Close combat tactics and techniques imply that the participants don't have much space to move, and thus it's important to focus on being invasive. Use a stamping punch in close combat with help from an eighth-degree black belt in this free video on martial arts and close combat.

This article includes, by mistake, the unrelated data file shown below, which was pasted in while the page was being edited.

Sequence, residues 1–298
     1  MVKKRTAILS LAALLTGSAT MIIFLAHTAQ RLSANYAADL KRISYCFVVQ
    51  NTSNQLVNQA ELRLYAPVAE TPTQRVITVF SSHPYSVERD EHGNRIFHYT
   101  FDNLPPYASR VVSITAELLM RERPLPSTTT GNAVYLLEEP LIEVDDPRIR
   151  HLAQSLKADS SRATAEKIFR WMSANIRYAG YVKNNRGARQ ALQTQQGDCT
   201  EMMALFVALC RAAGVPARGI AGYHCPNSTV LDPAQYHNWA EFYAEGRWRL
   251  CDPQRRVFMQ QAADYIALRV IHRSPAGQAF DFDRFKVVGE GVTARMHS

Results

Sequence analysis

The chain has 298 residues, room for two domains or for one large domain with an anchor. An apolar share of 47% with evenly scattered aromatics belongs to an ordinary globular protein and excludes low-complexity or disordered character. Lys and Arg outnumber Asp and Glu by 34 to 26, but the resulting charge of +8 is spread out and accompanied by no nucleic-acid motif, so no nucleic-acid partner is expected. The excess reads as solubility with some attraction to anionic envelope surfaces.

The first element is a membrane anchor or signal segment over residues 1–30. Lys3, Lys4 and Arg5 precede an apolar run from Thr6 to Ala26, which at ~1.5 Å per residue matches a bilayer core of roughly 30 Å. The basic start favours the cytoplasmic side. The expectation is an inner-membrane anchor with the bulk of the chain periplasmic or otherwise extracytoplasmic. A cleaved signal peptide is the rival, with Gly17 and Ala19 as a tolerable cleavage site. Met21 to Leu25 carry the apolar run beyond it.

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Hi, everybody. I'm John Graden from the Martial Arts Teachers Association. Today, we're going to learn about close combat tactics from the senior master instructor at the Tampa Quest Martial Arts Center, Mark Russo. Thanks, Mark. Take it away. OK. Close quarters combat tactics. That means that I don't have a lot of room to move. So, the fundamental thing we want to take a look at today is what I refer to as invasiveness. It's both tactical, strategic and it's a psychological piece of warfare that you'll find very advantageous. So, my friend Scott Bragg is going to help me out with this. So, imagine maybe, my back is against a wall. I don't have a lot of room to back up. Today, we'll look at today what we call a stamping kind of a punch. Kind of pretty common modern day attack. So, he's going to try and stamp one right on my forehead here. I can't back up. So, instead of backing up, I'm going to end up being invasive. So, as he begins to hit me, I'm going to hide behind one elbow and let him run into the other elbow. From here, I may pick up a shoulder dislocation or some kind of an advanced technique. Again, this key thing we ant you to look at is this sense of being invasive. I clearly cannot back up, so moving out of the way of this is not an option. I'm too close in here. So, as this comes in, I'm hiding and invading. I'm moving in on my attacker and then looking for something I can do here and some kind of a follow up technique. So, invasiveness, close quarters combat technique. My name is Mark Russo. I'm the senior master instructor at Tampa Quest Martial Arts.